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Spotlight Movie Review

Director: Tom McCarthy

Starring: Mark Ruffalo, Michael Keaton, Rachel McAdams, Brian d'Arcy James, Liev Schreiber, John Slattery, Stanley Tucci, Gene Amoroso, Jamey Sheridan, Billy Crudup, Maureen Keiller, Paul Guilfoyle, Len Cariou, Neal Huff, Michael Countryman, Michael Cyril Creighton, Laurie Heineman, David Fraser, Tim Progosh, Jimmy LeBlanc

Oscar Wins: Best Original Screenplay, Best Picture

Other Nominations: Best Supporting Actor (Mark Ruffalo), Best Supporting Actress (Rachel McAdams), Best Director, Best Film Editing

On January 6, 2002, the city of Boston woke up to the following story on the cover of "The Boston Globe":

Church allowed abuse by priest for years

Since the mid-1990’s, more than 130 people have come forward with horrific childhood tales about how former priest John J. Geoghan allegedly fondled or raped them during a three-decade spree through a half-dozen Greater Boston parishes. Almost always, his victims were grammar school boys. One was just four years old…

Needless to say, this article not only shook up the residents of Boston, but the entire Catholic church. Not only did this article uncover nearly 80 priests in Boston alone that had abused young children, but also outlined how the Catholic church knew about it and tried to cover it up.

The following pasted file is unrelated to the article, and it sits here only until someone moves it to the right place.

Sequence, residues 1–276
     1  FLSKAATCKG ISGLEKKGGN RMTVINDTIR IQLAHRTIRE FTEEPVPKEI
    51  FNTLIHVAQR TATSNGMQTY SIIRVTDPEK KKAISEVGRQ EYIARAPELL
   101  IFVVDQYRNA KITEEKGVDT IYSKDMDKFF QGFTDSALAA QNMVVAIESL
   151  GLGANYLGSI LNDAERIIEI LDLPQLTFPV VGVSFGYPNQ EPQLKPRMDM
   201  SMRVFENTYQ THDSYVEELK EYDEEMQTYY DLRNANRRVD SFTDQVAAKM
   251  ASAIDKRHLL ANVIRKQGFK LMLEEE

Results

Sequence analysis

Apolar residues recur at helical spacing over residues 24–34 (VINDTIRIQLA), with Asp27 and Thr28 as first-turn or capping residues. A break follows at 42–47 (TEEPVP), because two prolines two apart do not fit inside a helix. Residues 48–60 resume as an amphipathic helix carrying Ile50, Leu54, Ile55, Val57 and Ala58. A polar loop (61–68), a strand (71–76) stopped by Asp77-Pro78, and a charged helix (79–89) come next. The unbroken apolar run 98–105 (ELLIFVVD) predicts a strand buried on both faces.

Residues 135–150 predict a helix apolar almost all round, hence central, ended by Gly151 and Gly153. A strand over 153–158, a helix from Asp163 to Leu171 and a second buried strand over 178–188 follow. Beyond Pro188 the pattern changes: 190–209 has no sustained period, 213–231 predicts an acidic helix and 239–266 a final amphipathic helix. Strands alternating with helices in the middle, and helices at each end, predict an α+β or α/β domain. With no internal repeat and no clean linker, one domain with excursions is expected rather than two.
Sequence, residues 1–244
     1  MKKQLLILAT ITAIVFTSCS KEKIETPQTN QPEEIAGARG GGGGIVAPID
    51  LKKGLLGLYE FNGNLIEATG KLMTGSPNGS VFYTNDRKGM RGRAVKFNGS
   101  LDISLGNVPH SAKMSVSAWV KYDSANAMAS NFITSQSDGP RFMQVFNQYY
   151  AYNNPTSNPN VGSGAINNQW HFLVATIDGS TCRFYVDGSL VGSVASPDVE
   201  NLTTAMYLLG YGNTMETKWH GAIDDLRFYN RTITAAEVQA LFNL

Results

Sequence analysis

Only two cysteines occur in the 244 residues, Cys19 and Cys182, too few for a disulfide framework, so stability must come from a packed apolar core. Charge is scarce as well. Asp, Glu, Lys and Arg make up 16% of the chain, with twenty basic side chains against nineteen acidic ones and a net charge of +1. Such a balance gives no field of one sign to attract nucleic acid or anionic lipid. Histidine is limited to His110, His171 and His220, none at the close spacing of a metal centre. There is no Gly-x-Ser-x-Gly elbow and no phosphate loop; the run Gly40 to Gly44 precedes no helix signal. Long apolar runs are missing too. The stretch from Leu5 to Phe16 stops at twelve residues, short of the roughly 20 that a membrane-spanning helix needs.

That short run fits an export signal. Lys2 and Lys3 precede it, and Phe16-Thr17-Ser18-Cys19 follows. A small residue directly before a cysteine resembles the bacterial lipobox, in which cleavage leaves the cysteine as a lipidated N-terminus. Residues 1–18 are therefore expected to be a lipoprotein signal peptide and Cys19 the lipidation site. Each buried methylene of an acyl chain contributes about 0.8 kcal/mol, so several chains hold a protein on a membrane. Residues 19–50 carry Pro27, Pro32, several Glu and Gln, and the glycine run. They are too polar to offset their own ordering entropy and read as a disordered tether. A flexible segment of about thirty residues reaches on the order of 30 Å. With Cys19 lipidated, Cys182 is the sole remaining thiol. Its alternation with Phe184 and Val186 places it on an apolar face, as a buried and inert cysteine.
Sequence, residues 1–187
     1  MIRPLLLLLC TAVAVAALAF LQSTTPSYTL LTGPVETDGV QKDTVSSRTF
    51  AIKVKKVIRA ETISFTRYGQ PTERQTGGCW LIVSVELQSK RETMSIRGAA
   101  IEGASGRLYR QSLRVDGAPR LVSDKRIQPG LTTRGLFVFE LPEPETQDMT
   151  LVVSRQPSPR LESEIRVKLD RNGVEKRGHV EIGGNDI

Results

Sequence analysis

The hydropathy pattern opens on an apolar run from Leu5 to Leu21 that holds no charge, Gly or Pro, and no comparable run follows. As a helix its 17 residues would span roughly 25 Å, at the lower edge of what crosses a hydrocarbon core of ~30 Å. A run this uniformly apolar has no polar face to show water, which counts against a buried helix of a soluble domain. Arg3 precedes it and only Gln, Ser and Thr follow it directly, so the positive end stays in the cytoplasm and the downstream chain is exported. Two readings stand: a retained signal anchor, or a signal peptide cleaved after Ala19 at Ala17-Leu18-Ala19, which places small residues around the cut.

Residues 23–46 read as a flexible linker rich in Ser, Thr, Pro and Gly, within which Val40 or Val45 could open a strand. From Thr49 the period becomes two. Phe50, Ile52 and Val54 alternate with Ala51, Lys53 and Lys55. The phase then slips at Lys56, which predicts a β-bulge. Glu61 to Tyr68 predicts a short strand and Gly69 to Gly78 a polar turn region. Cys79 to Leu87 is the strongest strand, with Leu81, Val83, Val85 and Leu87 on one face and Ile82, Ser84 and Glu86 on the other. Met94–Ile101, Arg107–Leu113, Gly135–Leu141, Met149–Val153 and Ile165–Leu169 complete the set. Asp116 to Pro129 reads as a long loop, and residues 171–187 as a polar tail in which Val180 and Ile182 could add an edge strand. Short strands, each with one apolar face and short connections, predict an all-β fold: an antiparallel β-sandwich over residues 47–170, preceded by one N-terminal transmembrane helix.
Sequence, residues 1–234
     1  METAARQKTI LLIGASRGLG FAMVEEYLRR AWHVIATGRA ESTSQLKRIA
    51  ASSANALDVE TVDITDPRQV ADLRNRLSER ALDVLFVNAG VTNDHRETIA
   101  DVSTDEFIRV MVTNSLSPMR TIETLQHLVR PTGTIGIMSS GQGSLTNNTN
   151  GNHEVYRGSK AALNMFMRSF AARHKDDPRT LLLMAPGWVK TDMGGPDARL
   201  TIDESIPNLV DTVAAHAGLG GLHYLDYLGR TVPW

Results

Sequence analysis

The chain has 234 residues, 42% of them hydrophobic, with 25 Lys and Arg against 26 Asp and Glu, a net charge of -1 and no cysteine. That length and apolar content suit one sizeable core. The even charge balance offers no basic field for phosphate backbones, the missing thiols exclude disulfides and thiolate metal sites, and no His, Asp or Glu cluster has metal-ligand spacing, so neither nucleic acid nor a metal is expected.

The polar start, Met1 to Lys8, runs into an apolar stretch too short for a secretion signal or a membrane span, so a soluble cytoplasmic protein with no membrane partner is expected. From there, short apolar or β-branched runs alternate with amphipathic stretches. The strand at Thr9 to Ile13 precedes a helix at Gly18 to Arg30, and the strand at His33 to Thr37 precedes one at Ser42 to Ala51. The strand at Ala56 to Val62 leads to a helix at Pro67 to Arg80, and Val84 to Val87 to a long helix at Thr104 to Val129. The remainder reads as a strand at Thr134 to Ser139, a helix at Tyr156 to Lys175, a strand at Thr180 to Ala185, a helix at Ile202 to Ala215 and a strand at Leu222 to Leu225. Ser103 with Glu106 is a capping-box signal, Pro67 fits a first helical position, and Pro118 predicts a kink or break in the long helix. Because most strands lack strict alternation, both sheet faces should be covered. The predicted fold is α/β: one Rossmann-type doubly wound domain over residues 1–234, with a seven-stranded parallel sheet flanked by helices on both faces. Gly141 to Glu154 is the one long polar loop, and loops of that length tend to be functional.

The journalists who put this article together were members of the Spotlight team – an investigative branch of "The Boston Globe" newspaper. This film is the story of that investigation.

When the new editor-in-chief of "The Boston Globe", Marty Baron (Liev Schreiber), first brought up the idea of covering the abuse scandal surrounding the Catholic church to his editorial team, it was not well-received. Boston was, after all, predominantly Catholic and most of the writers on "The Boston Globe" were active members of the Catholic church. For a paper struggling to sustain subscribers, this was not the way to gain their trust and admiration.

But Baron was persistent and put the Spotlight team on the case. In a true testament to ensemble acting, the team made up of editors Robby Robinson (Michael Keaton) and Ben Bradlee, Jr. (John Slattery), researchers Sasha Pfeiffer (Rachel McAdams) and Matt Carroll (Brian d’Arcy James) and writer Mike Rezendes (Mark Ruffalo) begin the journey from skepticism to revelation as they work with victims, survivors and lawyers to uncover the truth of what’s been going on behind the veil.

The drama in Spotlight comes in a slow build to discovery, highlighting the unglamorous leg-work that goes into creating a power-house expose. Without any CGI explosions or superheroes flying in and out of frame, Spotlight was one of the most thrilling movies I’ve seen in the last 5 to 10 years.

This film is not easy to watch. It’s gonna sit in your gut for a while, as it should. You’re going to want to think about it. You’re going to want to talk about it. You may even want to see it again. There’s a reason this movie won more than half the awards and accolades it was nominated for. Not only does Spotlight break the story – it breaks the silence.


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